Five years ago, Andy Samberg made his final appearance as a cast member of Saturday Night Live. It was the end of a seven-year run in which he and his comedy partners, Akiva Schaffer and Jorma Taccone, not only helped to save the show from cultural irrelevance but redefined popular culture for decades to come.
We gather today to remember their impact, their accomplishments and their dick jokes.
If you don’t know the names, or only recognise one, Andy Samberg, Akiva Schaffer and Jorma Taccone are the three members of The Lonely Island, the comedy group best known for their musical comedy, especially rap songs like “Jack Sparrow” and “I’m On A Boat”.
For seven years, they ran Saturday Night Live’s online division, SNL Digital Shorts, where they either wrote, directed or produced every video – they were given the division after the runaway success of their second short, “Lazy Sunday”, which aired just two days after the official launch of YouTube and became one of the first viral videos. The Digital Shorts were integral to the continued success of NBC’s thirty-year-old flagship sketch show as it transitioned from Tina Fey’s acclaimed reign as head writer – which saved it from the instability and later stagnation of the nineties – into the otherwise lacklustre tenure of Seth Meyers, when the show was often carried by just a handful of outstanding performers like Bill Hader and Kristen Wiig.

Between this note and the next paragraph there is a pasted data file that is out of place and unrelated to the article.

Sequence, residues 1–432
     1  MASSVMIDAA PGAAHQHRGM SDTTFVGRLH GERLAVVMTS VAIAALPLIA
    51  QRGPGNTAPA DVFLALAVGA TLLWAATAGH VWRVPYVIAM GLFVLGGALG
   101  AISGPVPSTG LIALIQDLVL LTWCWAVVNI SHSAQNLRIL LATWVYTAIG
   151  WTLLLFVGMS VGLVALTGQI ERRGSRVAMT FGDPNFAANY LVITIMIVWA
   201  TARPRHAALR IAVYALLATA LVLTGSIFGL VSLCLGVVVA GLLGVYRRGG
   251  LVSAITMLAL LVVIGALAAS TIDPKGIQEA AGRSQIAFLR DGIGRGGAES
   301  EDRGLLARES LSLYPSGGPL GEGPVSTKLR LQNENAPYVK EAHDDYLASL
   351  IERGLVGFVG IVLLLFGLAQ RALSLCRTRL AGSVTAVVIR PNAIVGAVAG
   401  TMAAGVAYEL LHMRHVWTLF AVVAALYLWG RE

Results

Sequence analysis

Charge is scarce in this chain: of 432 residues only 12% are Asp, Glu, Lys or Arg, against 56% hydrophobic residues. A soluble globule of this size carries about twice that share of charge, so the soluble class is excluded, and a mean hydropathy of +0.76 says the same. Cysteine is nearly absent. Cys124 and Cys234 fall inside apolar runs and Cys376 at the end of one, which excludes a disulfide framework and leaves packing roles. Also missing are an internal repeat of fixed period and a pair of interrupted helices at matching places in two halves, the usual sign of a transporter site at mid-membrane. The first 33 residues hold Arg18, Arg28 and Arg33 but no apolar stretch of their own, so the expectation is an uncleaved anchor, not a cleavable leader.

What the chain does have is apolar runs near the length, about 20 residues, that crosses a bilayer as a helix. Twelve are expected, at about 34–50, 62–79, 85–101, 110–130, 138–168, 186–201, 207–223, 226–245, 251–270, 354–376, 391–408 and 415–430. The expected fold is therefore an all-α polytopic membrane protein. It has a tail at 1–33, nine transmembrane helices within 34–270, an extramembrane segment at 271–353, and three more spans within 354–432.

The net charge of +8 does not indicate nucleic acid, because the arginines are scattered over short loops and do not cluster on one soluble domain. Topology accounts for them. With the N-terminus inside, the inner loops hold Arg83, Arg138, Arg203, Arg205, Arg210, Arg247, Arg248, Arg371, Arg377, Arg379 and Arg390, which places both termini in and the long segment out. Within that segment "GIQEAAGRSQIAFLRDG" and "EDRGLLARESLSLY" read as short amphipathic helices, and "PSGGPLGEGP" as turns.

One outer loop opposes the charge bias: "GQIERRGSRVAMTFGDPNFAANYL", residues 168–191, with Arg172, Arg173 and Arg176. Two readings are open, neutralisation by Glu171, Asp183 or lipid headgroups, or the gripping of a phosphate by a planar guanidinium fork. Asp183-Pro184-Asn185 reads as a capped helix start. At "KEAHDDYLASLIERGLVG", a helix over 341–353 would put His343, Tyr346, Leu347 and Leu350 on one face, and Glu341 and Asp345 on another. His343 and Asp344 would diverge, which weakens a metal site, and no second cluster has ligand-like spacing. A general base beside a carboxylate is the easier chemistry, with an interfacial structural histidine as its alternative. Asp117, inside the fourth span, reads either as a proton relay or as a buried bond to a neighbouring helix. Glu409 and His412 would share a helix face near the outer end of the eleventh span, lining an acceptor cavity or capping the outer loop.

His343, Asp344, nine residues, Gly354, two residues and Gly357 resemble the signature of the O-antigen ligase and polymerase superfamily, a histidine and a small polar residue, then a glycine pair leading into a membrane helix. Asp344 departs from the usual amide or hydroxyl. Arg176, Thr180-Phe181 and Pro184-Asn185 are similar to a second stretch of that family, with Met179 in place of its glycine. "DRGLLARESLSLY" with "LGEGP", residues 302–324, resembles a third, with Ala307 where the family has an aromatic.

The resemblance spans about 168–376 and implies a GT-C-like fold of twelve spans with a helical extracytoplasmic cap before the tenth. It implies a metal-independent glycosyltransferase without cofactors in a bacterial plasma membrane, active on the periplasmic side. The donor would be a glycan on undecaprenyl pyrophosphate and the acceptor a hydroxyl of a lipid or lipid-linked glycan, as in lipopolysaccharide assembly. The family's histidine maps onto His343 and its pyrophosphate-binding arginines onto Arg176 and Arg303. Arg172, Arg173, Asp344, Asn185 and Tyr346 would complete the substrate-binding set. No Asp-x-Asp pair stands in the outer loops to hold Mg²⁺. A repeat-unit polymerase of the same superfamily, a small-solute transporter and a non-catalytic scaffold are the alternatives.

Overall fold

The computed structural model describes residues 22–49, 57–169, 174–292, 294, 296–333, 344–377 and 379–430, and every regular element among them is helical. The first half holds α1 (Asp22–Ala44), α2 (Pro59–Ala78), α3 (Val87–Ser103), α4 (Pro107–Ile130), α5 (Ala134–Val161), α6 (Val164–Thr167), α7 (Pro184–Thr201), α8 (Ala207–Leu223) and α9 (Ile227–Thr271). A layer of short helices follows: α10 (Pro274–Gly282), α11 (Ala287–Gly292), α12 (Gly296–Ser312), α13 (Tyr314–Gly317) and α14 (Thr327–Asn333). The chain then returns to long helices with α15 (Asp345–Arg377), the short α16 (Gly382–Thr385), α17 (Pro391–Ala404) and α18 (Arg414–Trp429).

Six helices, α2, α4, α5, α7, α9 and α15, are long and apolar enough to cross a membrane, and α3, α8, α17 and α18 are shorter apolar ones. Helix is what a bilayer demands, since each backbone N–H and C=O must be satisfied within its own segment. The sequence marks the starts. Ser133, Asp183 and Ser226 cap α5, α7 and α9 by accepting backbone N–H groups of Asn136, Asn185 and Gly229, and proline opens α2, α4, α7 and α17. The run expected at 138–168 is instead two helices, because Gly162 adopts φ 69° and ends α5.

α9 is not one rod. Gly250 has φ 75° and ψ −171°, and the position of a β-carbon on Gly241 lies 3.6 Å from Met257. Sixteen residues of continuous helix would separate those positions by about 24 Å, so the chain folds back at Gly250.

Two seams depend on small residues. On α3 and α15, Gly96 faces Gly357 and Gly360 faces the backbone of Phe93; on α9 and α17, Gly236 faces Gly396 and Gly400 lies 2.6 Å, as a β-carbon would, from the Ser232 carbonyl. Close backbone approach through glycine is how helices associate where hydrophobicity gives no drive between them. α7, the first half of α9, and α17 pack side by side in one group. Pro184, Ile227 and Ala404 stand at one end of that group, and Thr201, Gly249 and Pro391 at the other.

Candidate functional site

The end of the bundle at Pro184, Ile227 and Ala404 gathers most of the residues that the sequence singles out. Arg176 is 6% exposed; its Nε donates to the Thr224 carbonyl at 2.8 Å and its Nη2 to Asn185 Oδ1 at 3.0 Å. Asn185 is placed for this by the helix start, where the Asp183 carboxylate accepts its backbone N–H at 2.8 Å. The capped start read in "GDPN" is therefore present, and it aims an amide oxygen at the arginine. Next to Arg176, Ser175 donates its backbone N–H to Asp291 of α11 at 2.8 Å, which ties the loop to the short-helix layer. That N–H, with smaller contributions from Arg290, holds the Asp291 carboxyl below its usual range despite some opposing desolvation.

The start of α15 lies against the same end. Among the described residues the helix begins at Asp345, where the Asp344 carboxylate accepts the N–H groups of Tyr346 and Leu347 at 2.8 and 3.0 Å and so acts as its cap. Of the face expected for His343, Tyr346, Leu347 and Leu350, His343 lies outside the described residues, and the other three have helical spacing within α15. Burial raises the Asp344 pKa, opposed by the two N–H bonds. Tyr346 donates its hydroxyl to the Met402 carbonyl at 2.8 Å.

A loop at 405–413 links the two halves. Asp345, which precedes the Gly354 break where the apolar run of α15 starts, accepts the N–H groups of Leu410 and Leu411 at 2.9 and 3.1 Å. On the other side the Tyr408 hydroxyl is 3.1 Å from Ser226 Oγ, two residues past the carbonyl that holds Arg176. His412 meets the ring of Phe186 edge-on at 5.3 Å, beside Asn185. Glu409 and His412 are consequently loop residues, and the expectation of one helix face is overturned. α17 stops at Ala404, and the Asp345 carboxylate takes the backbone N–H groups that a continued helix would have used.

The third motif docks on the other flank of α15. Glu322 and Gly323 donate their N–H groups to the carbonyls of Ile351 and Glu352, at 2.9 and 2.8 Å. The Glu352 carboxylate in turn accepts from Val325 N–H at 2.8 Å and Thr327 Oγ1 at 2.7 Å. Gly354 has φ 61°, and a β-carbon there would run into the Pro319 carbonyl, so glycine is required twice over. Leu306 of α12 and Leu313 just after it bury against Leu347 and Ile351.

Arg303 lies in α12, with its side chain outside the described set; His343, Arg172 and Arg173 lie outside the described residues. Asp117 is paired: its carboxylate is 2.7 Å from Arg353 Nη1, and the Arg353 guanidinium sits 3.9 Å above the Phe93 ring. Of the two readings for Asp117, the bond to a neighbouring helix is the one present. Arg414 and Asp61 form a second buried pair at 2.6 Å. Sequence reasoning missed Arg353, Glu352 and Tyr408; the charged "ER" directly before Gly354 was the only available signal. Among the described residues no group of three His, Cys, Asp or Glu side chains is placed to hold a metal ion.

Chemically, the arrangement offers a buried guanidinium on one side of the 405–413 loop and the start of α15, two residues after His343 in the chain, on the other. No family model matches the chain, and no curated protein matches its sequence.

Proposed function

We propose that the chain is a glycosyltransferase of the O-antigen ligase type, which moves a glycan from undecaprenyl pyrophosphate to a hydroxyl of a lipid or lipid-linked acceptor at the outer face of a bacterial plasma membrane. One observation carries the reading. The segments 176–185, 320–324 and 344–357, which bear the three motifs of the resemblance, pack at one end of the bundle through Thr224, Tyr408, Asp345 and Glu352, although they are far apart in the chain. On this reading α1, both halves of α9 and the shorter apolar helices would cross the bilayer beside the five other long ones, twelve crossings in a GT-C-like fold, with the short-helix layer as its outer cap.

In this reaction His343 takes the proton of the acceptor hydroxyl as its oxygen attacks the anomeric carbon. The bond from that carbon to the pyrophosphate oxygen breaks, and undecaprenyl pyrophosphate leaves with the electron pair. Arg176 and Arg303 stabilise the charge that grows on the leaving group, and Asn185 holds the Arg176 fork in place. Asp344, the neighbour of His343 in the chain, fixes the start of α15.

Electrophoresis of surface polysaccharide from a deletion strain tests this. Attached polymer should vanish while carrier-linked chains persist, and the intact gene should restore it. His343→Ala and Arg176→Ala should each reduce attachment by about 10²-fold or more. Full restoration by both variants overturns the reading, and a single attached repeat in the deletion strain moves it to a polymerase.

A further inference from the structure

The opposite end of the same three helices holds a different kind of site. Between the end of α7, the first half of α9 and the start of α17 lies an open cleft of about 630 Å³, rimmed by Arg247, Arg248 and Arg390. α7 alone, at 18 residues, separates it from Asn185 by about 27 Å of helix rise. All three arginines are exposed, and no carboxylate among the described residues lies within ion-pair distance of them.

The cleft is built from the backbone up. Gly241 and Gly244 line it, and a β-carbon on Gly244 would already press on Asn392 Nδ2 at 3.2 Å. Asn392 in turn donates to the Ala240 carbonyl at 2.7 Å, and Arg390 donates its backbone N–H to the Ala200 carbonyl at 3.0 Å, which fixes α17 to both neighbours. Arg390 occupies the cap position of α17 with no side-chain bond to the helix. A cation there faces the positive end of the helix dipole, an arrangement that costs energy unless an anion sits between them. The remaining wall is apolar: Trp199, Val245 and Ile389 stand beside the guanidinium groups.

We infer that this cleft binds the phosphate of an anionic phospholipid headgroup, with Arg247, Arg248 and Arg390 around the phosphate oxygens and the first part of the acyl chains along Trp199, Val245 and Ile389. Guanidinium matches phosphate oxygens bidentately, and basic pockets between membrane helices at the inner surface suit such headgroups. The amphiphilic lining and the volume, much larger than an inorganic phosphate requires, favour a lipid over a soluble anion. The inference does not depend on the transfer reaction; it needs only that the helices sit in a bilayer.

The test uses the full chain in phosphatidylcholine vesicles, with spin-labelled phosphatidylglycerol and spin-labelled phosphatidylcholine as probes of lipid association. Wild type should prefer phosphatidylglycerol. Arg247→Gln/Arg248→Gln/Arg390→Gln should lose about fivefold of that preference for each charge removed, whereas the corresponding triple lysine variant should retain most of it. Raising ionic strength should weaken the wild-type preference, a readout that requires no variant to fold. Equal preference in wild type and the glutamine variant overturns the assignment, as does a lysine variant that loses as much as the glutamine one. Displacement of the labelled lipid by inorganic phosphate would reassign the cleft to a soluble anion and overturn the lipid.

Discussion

Early in their time at Saturday Night Live, the show’s co-creator and producer Lorne Michaels let them take over a film originally written for Will Ferrell, the cult hit Hot Rod. Although the script, technically credited only to original writer Pam Brady, still bears many hallmarks of the mid-00s Will Ferrell vehicle it was intended to be, the film also contains some of the most idiosyncratic gags ever written by The Lonely Island and helped further establish their unique comedic voice. Last year, they released their masterpiece and one of the best comedy films ever made, Popstar: Never Stop Never Stopping, which approximately five people saw. Two of them run this blog, and one of the others is horror movie producer Keith Calder, who wisely noted that Popstar was utterly failed by the studio’s lack of advertising. In a time when original films like Popstar are made less and less as the major studios invest ever more resources in a handful of sequels, remakes, reboots and other adaptations (usually based on comic books, young adult novels, classic sci-fi and fantasy, or successful movies from the eighties) that they hope will be the next billion-dollar movie on the back of a successful release in China, it’s even more tragic than it would be anyway that Universal gave Popstar such a mediocre advertising push. After all, they’d already made the film – why not try to make a profit with it?